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Majority rule when voters like to win

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  • Callander, Steven

Abstract

I analyze symmetric majority rule voting equilibria when voters wish to elect the better candidate and to vote for the winner. When voters care only about the winning candidate (the standard formulation) a unique responsive equilibrium exists. The addition of a desire to win creates multiple equilibria, some with unusual properties. In most of these equilibria information is not aggregated effectively, and I uncover the novel possibility of negative information aggregation in which information aggregated in equilibrium is used to select the worse rather than the better candidate. I then characterize the efficiency of optimal equilibria as the population becomes large and show that a discontinuity arises in the information aggregation capabilities of the majority rule voting mechanism: in elections without a dominant front-running candidate the better candidate is almost surely elected, whereas in races with a front-runner information cannot be effectively aggregated in equilibrium.

Suggested Citation

  • Callander, Steven, 2008. "Majority rule when voters like to win," Games and Economic Behavior, Elsevier, vol. 64(2), pages 393-420, November.
  • Handle: RePEc:eee:gamebe:v:64:y:2008:i:2:p:393-420
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    References listed on IDEAS

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    1. repec:bpj:bejtec:v:18:y:2018:i:1:p:18:n:15 is not listed on IDEAS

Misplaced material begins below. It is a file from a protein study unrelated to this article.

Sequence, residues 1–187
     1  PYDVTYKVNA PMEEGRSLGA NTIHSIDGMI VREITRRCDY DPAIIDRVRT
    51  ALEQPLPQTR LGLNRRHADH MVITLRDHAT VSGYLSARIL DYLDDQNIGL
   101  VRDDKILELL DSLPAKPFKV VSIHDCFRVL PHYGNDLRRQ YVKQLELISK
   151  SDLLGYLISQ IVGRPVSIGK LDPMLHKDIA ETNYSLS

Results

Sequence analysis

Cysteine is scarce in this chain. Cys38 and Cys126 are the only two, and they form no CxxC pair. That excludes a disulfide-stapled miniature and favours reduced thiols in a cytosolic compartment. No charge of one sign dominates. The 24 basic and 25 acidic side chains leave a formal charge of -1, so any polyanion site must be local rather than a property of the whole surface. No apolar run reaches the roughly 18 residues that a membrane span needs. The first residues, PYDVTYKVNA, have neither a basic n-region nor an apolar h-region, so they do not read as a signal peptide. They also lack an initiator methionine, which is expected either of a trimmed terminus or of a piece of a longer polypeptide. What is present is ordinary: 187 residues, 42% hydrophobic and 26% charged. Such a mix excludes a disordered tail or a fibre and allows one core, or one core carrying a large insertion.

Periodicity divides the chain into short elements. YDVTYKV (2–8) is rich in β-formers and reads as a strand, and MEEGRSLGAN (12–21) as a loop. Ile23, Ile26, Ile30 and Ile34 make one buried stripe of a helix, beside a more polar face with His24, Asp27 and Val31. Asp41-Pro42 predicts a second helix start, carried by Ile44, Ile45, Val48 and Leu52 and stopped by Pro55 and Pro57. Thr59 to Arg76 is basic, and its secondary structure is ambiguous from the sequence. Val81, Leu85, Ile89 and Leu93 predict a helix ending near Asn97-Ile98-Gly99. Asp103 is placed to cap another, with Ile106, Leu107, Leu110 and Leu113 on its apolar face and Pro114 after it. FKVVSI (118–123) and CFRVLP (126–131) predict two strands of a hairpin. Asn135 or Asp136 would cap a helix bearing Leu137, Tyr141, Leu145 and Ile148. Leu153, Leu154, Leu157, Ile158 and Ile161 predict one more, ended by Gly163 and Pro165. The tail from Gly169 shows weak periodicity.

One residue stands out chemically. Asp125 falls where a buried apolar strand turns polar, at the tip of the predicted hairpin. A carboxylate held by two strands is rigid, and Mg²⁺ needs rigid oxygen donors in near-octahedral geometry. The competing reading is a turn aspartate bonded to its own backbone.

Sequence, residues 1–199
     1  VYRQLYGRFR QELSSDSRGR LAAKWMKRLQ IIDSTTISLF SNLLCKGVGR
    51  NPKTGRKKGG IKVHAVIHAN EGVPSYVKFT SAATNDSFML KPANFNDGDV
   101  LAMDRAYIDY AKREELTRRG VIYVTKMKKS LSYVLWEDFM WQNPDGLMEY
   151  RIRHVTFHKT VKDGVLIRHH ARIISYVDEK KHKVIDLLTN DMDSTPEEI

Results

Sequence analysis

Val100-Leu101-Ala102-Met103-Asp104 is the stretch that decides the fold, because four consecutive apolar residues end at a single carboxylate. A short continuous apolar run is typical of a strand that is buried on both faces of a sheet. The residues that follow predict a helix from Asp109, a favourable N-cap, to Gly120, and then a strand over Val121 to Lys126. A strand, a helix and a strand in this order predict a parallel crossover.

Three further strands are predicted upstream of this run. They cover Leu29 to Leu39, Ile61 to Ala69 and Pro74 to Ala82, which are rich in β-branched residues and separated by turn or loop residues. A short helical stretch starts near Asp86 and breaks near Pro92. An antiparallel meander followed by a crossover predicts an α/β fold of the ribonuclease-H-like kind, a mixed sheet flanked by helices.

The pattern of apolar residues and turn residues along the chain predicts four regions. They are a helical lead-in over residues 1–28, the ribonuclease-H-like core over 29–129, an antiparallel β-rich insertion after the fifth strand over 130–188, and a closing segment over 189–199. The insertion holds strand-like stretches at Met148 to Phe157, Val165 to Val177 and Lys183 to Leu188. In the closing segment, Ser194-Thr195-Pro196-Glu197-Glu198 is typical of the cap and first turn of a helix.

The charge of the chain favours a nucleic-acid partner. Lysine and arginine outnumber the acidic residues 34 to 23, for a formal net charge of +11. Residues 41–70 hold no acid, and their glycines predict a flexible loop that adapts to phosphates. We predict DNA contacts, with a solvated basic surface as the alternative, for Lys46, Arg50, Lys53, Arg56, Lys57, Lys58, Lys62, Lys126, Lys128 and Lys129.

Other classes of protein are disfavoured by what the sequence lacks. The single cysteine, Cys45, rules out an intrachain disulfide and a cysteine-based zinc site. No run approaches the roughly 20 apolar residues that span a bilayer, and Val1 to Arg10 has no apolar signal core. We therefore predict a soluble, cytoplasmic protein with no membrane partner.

2. Bouton, Laurent & Castanheira, Micael & Llorente-Saguer, Aniol, 2016. "Divided majority and information aggregation: Theory and experiment," Journal of Public Economics, Elsevier, vol. 134(C), pages 114-128.
    3. Antoine Loeper & Jakub Steiner & Colin Stewart, 2014. "Influential Opinion Leaders," Economic Journal, Royal Economic Society, vol. 124(581), pages 1147-1167, December.
    4. Emilio Barucci & Marco Tolotti, 2012. "Identity, reputation and social interaction with an application to sequential voting," Journal of Economic Interaction and Coordination, Springer;Society for Economic Science with Heterogeneous Interacting Agents, vol. 7(1), pages 79-98, May.
    5. Chia-Hui Chen & Junichiro Ishida, 2011. "Seeking Harmony Amidst Diversity: Consensus Building with Network Externalities," ISER Discussion Paper 0826, Institute of Social and Economic Research, Osaka University.
    6. Elena Panova, 2011. "A Passion for Democracy," CIRANO Working Papers 2011s-47, CIRANO.
    7. Panova, Elena, 2015. "A passion for voting," Games and Economic Behavior, Elsevier, vol. 90(C), pages 44-65.
    8. Marina Agranov & Jacob K. Goeree & Julian Romero & Leeat Yariv, 2012. "What makes voters turn out: the effects of polls and beliefs," ECON - Working Papers 067, Department of Economics - University of Zurich.
    9. Midjord, Rune & Rodríguez Barraquer, Tomás & Valasek, Justin, 2013. "Over-caution of large committees of experts," Discussion Papers, Research Unit: Economics of Change SP II 2013-313, Social Science Research Center Berlin (WZB).
    10. Cesar Martinelli & Thomas R. Palfrey, 2017. "Communication and Information in Games of Collective Decision: A Survey of Experimental Results," Working Papers 1065, George Mason University, Interdisciplinary Center for Economic Science.
    11. Balankin, Alexander S. & Martínez Cruz, Miguel Ángel & Martínez, Alfredo Trejo, 2011. "Effect of initial concentration and spatial heterogeneity of active agent distribution on opinion dynamics," Physica A: Statistical Mechanics and its Applications, Elsevier, vol. 390(21), pages 3876-3887.
    12. Dino Gerardi & Margaret A. McConnell & Julian Romero & Leeat Yariv, 2016. "Get Out The (Costly) Vote: Institutional Design For Greater Participation," Economic Inquiry, Western Economic Association International, vol. 54(4), pages 1963-1979, October.
    13. repec:eee:gamebe:v:104:y:2017:i:c:p:430-443 is not listed on IDEAS
    14. repec:eee:pubeco:v:154:y:2017:i:c:p:34-48 is not listed on IDEAS

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